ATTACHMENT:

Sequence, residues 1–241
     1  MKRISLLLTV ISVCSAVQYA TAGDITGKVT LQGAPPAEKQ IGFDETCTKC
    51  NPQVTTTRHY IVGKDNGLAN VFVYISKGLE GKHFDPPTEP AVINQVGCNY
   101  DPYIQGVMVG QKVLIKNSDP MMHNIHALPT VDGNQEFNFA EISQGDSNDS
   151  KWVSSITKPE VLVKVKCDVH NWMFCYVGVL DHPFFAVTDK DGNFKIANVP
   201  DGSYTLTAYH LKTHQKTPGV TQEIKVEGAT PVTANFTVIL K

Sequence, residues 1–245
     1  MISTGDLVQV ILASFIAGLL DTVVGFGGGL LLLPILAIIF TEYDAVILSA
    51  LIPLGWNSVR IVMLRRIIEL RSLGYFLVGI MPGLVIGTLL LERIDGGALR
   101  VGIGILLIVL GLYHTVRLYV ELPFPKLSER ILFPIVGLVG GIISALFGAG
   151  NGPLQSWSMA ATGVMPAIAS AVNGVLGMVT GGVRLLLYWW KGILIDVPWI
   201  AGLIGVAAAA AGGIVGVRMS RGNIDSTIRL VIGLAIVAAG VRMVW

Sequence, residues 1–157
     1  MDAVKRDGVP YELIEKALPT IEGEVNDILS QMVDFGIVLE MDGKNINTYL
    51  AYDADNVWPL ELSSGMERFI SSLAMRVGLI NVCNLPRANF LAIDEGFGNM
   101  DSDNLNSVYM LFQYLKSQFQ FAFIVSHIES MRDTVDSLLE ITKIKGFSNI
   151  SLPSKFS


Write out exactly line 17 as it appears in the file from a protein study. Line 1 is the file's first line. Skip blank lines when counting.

   151  SLPSKFS